All I want to say about tranquillisers is that when they are developed I believe they may well do for mental hospitals what the latest drugs in their field have done for tuberculosis hospitals. Therefore, I think that we must be careful before we attack tranquillisers as a whole for increasing unnecessarily the cost of the National Health Service. I believe that they play a part already and will play an increasing part in reducing the general overcrowding of mental hospitals.
I now come to a more general point —
— and that is that the increase in price of drugs generally, which is admitted, and the increase in the use of proprietaries, must be set against the marked fall in the time that patients spend in hospitals. The quicker turnover now taking place in beds in hospitals due to modern methods has a double advantage. It not only speeds the recovery of the patient himself, but with the present shortage of hospital accommodation and nursing staff, the quicker turnover means that a larger number of serious cases can be dealt with effectively. That, I believe, is not unconnected with the new drugs which have come under a certain amount of attack.
I have dealt with mental hospitals. The hon. Gentleman could not have been here.
I now come to the problem of sales, upon which a certain amount of criticism has been levelled to the effect that undue pressure has been brought to bear on doctors in the Health Service. The first point I wish to make on the sales side is that for every drug that successfully reaches the market, there are some 300, or may be more, which fail completely to do so, and upon which the research carried out is entirely wasted. Therefore, the sales of the successful drug have to pay for the research that has gone into those drugs which ultimately prove not to be of general use and benefit to the public.
When a successful new drug has been found, no one knows how long it will prove to be the best in its field. No one knows how soon somebody else— and this is a highly competitive industry — will find a competitor to it. It may be a week, a month or a year before another drug comes to take its place.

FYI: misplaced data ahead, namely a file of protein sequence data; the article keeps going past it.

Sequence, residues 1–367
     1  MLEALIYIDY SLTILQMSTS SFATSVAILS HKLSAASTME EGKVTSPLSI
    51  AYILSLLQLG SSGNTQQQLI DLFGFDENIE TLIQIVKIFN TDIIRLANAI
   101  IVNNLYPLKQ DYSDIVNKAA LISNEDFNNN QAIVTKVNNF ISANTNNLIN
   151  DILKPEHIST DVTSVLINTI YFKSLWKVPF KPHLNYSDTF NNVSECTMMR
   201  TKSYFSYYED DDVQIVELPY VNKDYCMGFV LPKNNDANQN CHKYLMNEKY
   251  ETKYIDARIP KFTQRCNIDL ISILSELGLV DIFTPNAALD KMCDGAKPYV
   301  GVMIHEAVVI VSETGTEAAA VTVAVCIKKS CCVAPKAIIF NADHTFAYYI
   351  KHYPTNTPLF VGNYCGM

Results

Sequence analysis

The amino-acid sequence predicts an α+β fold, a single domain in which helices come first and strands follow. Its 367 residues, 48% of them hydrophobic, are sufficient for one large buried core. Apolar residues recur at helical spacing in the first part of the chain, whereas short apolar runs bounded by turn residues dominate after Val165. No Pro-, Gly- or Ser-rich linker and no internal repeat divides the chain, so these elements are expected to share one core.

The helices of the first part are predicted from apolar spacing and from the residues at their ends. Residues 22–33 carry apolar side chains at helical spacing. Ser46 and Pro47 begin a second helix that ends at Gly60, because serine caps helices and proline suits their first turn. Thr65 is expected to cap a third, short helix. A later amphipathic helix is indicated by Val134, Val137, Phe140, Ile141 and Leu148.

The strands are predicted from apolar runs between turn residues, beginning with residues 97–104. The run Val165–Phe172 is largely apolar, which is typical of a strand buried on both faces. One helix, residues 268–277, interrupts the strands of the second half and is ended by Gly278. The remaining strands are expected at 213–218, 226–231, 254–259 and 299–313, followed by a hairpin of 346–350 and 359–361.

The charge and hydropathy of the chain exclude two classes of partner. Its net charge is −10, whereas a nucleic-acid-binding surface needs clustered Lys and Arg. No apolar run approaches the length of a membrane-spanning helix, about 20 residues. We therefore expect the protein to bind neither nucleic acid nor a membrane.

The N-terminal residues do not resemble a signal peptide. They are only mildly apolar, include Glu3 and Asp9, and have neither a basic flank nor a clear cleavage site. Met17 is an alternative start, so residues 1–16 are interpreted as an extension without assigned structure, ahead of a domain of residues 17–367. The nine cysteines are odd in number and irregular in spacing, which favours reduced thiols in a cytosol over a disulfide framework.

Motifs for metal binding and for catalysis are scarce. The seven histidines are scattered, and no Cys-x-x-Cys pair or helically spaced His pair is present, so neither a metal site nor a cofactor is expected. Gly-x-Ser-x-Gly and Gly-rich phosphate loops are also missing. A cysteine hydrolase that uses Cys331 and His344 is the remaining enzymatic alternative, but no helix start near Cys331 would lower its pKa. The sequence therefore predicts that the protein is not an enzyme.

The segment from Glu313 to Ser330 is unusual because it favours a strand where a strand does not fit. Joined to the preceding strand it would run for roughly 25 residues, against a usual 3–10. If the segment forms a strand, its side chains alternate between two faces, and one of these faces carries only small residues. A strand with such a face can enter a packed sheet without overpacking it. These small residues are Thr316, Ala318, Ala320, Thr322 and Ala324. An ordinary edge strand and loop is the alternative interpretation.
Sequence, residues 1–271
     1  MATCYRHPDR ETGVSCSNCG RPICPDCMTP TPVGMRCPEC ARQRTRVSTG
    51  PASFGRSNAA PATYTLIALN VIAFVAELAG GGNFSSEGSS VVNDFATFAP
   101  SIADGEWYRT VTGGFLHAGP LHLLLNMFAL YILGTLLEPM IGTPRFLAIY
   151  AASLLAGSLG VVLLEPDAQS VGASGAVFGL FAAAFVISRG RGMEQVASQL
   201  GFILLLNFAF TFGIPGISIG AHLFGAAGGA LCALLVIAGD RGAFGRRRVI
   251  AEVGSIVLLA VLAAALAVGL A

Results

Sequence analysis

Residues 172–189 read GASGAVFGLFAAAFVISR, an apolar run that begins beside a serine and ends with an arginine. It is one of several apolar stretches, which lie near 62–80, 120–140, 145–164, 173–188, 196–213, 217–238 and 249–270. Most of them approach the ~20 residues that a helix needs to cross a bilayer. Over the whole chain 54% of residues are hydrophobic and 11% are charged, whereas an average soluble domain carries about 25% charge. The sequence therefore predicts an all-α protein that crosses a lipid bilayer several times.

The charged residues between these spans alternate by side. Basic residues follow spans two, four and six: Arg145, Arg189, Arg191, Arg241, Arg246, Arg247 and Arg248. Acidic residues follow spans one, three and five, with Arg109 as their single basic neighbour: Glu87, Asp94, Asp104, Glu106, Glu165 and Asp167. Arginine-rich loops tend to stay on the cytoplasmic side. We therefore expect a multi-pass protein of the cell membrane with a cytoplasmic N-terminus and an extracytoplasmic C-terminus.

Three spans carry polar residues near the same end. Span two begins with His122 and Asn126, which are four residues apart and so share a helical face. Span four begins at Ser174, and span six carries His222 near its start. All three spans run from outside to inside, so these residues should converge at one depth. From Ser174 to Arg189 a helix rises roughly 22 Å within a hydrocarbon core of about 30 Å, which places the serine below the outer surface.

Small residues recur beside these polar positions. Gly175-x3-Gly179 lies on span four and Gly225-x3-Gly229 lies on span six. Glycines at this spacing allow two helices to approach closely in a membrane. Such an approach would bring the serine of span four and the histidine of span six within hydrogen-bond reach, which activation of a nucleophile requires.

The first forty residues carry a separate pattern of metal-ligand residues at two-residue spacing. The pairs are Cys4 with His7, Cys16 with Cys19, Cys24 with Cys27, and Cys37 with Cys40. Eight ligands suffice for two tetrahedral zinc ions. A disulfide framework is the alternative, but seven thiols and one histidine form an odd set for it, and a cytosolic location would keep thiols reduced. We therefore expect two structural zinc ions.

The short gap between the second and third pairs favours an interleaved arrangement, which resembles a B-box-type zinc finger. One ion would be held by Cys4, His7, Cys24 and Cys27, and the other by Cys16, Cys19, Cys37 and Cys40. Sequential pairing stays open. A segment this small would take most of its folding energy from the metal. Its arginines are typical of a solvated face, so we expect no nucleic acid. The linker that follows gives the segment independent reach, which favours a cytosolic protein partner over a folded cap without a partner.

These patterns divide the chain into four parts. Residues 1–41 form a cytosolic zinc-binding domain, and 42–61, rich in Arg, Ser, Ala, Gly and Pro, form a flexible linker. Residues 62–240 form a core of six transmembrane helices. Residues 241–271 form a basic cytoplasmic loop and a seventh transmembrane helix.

— because the relationship of the Bill to what I am saying is that it increases the charges for the National Health Service, and the right hon. Lady the Member for Warrington made some pretty strong attacks on the pharmaceutical industry.
Yes, indeed— in relation to the cost of the Health Service and, consequently, charges. Having found a successful drug, one does not know how long it is going to last and how much time the manufacturer will have to recoup the cost of the research which has been put in to it. If a manufacturer fails to recoup the cost he goes bankrupt. Therefore, I suggest that it is not unreasonable that at the outset the price of a now drug should be high and should gradually decrease the longer the drug has been in use.
In conclusion, I should like to ask the House to look at this problem from the point of view of earning foreign exchange. If we create a climate in which the pharmaceutical industry can thrive in this country plant will be set up here for the manufacture of drugs to be sold all over the world. Exports will thrive and prices will come down at home as the basis of sales broadens. If, on the other hand, we discourage the pharmaceutical industry from coming here and curtail the research of the industry that is here now, we shall suffer in the long run. Our industry will go bankrupt and we shall have to go to the United States for our drugs and for the "know-how". The ultimate cost in dollars and the ultimate damage to the National Health Service will be incalculable.
I hope that, in considering the Bill, hon. Members will pause before attributing too much blame for the increased costs to the industry which has done so much to keep Britain in the forefront of scientific development.